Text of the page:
“It is not that we have a short time to live, but that we waste a lot of it. Life is long enough, and a sufficiently generous amount has been given to us for the highest achievements if it were all well invested…we are not given a short life but we make it short, and we are not ill-supplied but wasteful of it.” Seneca, On The Shortness Of Life
Last week, one of the guys I work with, Paul, stopped by my desk to talk about books. He’s in the middle of reading 52 books this year; he said that in the past he has mostly read books by white men and, in an effort to expand his literary horizons, he is intentionally reading broadly and widely from other perspectives. His current book is The Refugees, about the Vietnamese refugees in America, and his reading list has a litany of other books that sounded amazing.
It made me think a lot about my own reading list. My explicit reading goal this year is to read a greater number of books than last year. But after talking to Paul, and hearing about how he was selecting books both for quantity, quality AND perspective, it made me realize that I’m absolutely not taking the second characteristics into account whatsoever – I’m focused only on quantity, and on books that I feel I SHOULD be reading and not books that I really want to read, and can enjoy.
“I do not like broccoli. And I haven’t liked it since I was a little kid and my mother made me eat it. And I’m President of the United States and I’m not going to eat any more broccoli.” – George H. W. Bush
Like The Lean Startup. It’s an important book in the tech industry; tons of people say it might be the most important book about technology that a person can read. But the person who recommended it to me most vigorously and aggressively was an entrepreneur who, when I quizzed him about it, admitted he hadn’t read it; he had only read a synopsis of it, and also watched a YouTube video about it. I have tried to read it six or seven different times, and I can’t for the life of me get through the first few chapters; I just put it down once again on this train trip because I kept falling asleep over it. (In contrast, it took me four days to read The Game again – a book that is almost 200 pages longer and has probably has more important skills to teach.)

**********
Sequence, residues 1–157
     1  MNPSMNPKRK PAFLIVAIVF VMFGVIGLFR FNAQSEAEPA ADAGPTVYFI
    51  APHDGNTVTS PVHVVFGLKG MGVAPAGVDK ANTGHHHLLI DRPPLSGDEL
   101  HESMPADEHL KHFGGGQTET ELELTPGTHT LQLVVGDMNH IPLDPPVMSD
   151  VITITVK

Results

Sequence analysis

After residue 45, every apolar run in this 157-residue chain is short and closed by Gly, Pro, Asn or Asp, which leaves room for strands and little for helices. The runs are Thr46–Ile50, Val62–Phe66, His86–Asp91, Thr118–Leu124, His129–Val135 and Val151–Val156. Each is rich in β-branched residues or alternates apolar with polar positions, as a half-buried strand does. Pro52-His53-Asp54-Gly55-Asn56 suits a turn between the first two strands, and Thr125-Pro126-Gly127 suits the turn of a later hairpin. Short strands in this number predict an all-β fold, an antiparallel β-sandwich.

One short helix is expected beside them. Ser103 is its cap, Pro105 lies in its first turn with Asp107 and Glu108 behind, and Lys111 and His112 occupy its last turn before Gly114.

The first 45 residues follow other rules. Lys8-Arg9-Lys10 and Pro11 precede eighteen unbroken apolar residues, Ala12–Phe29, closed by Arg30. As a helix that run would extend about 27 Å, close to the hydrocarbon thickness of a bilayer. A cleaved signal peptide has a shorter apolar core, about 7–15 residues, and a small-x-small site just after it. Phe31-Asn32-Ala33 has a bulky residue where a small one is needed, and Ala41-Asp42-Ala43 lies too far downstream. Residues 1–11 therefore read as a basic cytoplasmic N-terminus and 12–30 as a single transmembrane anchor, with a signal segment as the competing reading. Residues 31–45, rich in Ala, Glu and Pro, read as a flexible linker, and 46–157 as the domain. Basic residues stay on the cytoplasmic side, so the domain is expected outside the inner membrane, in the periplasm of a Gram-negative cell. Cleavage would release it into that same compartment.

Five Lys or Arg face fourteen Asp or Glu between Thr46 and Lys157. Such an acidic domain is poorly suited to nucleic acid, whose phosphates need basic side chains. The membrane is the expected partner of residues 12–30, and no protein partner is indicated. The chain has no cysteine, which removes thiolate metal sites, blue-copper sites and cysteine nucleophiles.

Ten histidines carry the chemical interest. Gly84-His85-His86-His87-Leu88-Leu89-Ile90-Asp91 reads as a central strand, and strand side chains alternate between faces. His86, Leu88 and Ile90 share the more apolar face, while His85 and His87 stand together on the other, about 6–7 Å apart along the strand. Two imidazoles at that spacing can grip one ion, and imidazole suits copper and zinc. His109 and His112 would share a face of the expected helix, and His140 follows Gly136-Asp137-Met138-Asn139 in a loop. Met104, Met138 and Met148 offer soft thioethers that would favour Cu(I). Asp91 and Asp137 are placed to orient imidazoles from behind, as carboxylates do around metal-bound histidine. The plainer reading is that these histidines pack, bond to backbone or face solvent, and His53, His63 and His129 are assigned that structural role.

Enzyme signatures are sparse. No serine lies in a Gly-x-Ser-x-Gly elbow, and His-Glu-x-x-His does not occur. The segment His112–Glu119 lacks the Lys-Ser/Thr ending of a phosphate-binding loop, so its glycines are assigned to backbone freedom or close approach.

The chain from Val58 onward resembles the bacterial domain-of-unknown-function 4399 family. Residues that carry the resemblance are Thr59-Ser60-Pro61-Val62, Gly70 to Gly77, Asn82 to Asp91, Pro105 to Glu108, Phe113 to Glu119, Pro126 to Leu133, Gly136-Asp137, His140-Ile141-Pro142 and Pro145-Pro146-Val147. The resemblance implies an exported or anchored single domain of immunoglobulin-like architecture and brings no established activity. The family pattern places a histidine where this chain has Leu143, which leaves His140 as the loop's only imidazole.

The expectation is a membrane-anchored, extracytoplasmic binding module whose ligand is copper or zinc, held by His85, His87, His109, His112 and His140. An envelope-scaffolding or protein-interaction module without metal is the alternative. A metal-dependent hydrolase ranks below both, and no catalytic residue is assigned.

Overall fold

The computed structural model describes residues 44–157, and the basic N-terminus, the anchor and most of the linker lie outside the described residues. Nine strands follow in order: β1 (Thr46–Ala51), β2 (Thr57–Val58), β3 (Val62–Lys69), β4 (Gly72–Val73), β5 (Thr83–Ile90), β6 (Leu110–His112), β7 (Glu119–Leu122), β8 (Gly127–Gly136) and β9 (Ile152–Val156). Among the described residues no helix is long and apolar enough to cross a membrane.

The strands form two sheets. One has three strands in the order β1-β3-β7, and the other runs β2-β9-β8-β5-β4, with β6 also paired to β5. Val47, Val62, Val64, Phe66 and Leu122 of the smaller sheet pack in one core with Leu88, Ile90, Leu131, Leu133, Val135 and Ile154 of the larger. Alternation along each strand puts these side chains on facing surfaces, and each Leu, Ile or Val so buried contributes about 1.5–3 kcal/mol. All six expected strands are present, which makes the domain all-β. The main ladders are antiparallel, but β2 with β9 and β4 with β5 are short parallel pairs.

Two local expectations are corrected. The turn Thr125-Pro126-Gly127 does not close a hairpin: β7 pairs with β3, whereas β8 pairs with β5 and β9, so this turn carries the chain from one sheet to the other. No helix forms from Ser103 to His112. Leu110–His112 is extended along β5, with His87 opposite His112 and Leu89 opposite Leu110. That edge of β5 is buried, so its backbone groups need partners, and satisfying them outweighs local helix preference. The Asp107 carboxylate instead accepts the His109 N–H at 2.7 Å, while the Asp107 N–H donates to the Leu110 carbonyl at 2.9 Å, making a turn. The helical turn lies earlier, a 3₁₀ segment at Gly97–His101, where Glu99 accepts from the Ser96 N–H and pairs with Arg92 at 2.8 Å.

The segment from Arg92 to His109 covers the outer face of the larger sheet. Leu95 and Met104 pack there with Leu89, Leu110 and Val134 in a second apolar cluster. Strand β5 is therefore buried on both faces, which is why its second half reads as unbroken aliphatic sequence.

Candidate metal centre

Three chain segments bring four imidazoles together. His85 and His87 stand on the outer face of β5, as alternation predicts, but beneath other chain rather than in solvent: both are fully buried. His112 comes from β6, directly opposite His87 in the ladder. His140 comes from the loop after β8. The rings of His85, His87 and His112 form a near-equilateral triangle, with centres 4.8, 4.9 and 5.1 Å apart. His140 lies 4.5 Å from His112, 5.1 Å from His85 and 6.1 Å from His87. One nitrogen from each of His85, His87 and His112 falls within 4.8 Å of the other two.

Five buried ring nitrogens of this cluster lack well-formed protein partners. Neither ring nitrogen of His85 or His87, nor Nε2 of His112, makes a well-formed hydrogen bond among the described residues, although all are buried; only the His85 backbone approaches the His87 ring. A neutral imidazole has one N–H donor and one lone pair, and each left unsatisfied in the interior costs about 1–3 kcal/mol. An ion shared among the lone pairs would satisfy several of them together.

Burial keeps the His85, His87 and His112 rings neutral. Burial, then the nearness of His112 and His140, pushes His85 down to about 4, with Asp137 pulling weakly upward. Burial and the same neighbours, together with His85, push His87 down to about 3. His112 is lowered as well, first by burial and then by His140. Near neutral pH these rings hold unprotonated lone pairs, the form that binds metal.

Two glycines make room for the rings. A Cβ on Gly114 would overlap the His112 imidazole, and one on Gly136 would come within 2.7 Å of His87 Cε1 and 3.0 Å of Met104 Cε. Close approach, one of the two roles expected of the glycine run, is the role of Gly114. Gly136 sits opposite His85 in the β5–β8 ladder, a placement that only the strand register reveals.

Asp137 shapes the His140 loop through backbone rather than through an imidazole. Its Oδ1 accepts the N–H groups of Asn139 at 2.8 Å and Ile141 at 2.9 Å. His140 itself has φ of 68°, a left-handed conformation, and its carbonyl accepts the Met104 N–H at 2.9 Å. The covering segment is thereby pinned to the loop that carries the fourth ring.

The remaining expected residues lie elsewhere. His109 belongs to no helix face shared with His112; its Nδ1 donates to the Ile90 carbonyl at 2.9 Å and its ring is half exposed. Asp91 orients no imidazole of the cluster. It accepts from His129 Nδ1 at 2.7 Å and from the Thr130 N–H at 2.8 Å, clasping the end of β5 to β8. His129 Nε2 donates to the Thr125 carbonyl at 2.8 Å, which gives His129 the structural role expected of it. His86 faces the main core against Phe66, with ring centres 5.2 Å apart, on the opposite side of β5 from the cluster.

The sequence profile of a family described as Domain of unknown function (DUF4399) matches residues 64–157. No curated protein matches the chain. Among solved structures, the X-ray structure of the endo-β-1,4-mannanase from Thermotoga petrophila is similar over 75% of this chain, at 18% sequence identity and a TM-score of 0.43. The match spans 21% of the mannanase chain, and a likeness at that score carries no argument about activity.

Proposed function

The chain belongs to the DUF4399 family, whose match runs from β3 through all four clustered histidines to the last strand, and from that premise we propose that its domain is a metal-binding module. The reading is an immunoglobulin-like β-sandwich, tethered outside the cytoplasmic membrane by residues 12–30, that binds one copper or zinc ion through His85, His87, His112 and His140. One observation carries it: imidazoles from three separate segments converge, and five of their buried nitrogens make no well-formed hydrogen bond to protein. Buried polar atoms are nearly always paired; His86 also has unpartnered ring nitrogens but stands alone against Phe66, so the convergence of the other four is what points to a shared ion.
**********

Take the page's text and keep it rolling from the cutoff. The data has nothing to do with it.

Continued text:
So from now on, I’m going to focus on the quantity and quality of reading I’m doing, but NOT the number of books or what people tell me I SHOULD read. If I make it through a single Robert Caro book in one month, I’ll be far more satisfied than if I can list off ten titles that I only mildly enjoyed or slogged through. And I’m going to still have learning goals – for example, learning about technology and business and startups and Russia and Napoleon and money and sleep and philosophy and everything else in the world – but I won’t read a book that I hate.
Or maybe I’ll spend a year of only reading Pulitzer-prize winning books! Or Nobel Prize-winning tomes, or Booker books. The Western Canon, and then the Eastern Canon, if these can be agreed upon. Or getting the reading list for this course, the Hardest Course in the Humanities, and making it the foundation for reading for the rest of my reading life.
Taleb wrote, “One of the shortest books I’ve ever read had 745 pages. The longest book I’ve ever read was 205 pages.”
To play off of that aphorism: life is long, but books shouldn’t be – no matter how many pages they have.